British web hosting company WooCloud was founded in Coventry in 2016. It came about from the collaboration of two companies with 20 years of combined industry experience. WooCloud’s English-language website sells shared hosting, virtual servers, and dedicated servers that are available in eight countries.
Features and Ease of Use
As its name suggests, WooCloud’s web hosting plans are built on cloud infrastructure. These plans, which can handle small to medium-sized websites, provide the following features:
- 99.9% uptime guarantee
- Free SSL certificate
- Free domain with an annual plan
- Two to unlimited websites
- Unmetered bandwidth
- 5 GB to 40 GB storage
It’s easy to manage your hosting account via the cPanel control panel, and it’s equally easy to install popular programs — such as WordPress, Joomla, phpBB, BuddyPress, OpenX, or Drupal — with the one-click installer.
Once your website is up-and-running, you’ll be glad that your files, databases, email accounts, and settings are backed up automatically and retained for seven days. And unlike some hosting providers, this one will restore your data for free.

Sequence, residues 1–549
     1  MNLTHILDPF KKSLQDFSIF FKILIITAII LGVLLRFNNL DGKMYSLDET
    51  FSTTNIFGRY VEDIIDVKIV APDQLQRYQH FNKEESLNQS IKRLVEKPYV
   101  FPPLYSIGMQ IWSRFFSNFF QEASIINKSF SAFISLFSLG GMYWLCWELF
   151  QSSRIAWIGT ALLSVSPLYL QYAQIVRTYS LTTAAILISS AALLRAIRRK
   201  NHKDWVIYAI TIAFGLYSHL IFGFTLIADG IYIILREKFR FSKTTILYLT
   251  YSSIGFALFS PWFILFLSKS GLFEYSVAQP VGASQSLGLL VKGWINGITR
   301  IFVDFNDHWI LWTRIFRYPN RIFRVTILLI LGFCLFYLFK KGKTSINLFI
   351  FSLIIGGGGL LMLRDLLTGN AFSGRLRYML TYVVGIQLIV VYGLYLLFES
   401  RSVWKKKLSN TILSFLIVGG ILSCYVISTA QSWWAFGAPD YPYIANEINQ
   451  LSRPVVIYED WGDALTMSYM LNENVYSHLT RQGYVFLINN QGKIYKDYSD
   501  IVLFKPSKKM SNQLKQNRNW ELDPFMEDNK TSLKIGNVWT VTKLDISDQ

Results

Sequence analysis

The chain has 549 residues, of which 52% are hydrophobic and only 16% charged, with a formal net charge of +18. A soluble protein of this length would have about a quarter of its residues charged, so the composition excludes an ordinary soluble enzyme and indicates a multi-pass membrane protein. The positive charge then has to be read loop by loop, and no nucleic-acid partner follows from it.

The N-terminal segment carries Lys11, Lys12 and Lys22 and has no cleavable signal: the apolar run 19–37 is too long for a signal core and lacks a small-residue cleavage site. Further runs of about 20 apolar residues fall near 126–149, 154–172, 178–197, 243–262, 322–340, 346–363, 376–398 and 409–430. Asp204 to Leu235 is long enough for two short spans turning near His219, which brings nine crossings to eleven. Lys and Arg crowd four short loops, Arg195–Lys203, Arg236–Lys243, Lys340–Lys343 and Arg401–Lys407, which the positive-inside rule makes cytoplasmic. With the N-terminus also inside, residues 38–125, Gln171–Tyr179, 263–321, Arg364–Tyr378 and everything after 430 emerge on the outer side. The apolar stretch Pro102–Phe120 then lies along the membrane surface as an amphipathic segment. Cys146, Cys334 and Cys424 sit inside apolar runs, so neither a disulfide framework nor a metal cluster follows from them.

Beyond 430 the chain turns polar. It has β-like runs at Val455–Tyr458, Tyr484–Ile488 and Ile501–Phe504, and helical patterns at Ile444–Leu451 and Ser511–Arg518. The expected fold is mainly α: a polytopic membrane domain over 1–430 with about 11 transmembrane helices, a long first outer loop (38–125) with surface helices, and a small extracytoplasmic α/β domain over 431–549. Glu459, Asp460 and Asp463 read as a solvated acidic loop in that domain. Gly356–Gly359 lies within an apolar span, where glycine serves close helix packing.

WooCloud pays close attention to hosting performance. It uses the latest generation CPUs plus super-fast NVMe SSDs.
Pricing and Support
For the features provided, WooCloud’s prices are reasonable. Although the website implies that you can be billed monthly, I was only presented with six-month, one-year, and two-year billing cycles at the checkout.
WooCloud processes payments through Stripe, and your account will be provisioned less than 60 seconds after your payment has been made. There are no set-up fees, and you can get a full refund within 30 days. After that, you can get a refund for your remaining period.
WordPress plans are also priced reasonably, and virtual/dedicated server prices are in line with competitors.
While WooCloud claims that its support team works 24/7, I was unable to summon a pre-sales support response. You can try contacting the company by telephone, ticket, email, or live chat.
If you have to resort to self-support, you’ll be disappointed to discover that the knowledge base contains just three test entries: